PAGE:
It all begins right here...
It could be a bowl that appeared in the mind's eye or wanting to see the grain in a new piece of wood that influences which piece of wood is choosen. Sometimes there is no reason.
Thankfully, there's usually a variety to choose from: poplar, maple, black walnut, ash, cypress, and others—of course we're always on the lookout for more, both seasoned (dry) and green (wet).
Only trees already felled for other reasons are used and come from local or North Carolina sources.
Sizing the "blanks"...
All bowls begin as a "blank" —a piece of wood cut (with a chainsaw) close to the size and proportion of the desired final.
There isn't always an exact vision or a drawing to guide what size to cut a blank. Sometimes we simply allow the process itself to direct creation, letting it come as we work.
Black walnut (left) and paulownia (right) blanks are shown here.
Introducing the Adze...
Although it's been used to make both functional and artistic items for thousands of years, most people have never seen one.
But for those who continue the traditions of carving by hand, it is indispensable.
While using one demands strict focus and precise hand-eye coordination, it also creates a rythm and feel that promotes a closer, more organic, connection to the work.
How it's used...
As you can see, the adze is perfect for the first stages of hollowing out a bowl. The wood's grain, hardness or softness, and the size of the blank all guide the arc and intensity of each swing.
And of course, the trick is not getting too close to the intended edge of the bowl. Which means we need to keep the wood from slipping, as you'll see in the next photo.
Keeping it safe and secure...
Some people have asked how we keep the wood from moving while carving.
The answer lies in a special workbench and system that Sherial created:
Every blank is fastened to a board with screws—from the bottom into wood that will eventually be carved away—until most of the inside is hollowed out. This allows it to then be fastened to other work surfaces like the 4x4s shown here, or leaned against a vertical surface for a different working angle.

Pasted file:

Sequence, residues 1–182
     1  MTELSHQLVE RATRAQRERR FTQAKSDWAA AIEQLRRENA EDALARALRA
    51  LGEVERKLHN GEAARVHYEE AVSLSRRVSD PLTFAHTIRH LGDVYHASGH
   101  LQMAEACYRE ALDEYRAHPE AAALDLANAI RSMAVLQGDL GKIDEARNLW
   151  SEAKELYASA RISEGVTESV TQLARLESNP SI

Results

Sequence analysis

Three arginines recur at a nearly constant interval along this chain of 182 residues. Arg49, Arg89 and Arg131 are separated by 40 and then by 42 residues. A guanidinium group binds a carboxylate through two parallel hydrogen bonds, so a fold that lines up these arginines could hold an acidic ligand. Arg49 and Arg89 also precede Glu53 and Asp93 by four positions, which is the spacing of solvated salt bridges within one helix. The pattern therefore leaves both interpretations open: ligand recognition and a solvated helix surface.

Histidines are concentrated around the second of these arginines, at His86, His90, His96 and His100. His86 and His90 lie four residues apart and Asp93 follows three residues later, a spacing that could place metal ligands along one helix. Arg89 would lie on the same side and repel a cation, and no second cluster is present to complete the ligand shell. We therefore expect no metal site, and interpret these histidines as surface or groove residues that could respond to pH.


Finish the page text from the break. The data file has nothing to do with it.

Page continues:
From adze to gouge...
Using a mallet with the adze offers greater control than without one, but still enables large pieces of wood to be removed.
A mallet and gouge (right photo) is used next. This is where the inside of the bowl really starts taking shape.
The magic of gouges...
With or without a mallet, the gouge reveals a true glimpse of the final piece.
It can remove larger pieces to significantly change a slope or shape, or be used to gradually define the nuances of a piece's visual and tactile effect (inside and outside).
While Sherial started out with only two, he now has a growing number in different shapes and sizes.
Shaping the outside...
A hatchet is used to cut away not only large amounts of wood from the outside, but to actually carve its final shape (right photo).
This process develops a strong feel for what the bowl's 'character' should be—weighty and grounded, or perhaps lighter, and more delicate. By adjusting the thickness or changing the curves we can achieve just the right feel.
A "plane", "rasp", and "spokeshave" (bottom right) as well as a "draw-knife" (bottom left) are used to further shape surfaces. Details may be brought out at this time such as more rounded edges. Even simple metal files may be called upon during this phase.
By using a "scraper" (top), we can remove as much or as little of the marks left by other tools.
Sanding, sanding, sanding...
A lot of sanding goes into producing what we call the "touch factor".
After the intial "rough" sanding, we "raise the grain" (fuzzy wood fibers) by wetting the wood's surface between additional rounds of sanding and uses several graduating grades of sandpaper—always ending with the finest grit.
While all "finish" rounds of sanding are done by hand, a "power" sander may be used for rough sanding a bowl.
The final steps...
Every piece receives a food-safe finish. Those meant for food preparation are rubbed with walnut or mineral oil. Most others are stained and/or dyed, then sealed with (food-safe) wipe-on polyurathane (shown here). Several thin coats are applied and fine-sanded in-between.
While other factors may be considered, finishing decisions are most strongly influenced by the look and feel we hope to communicate for a particular piece of work.
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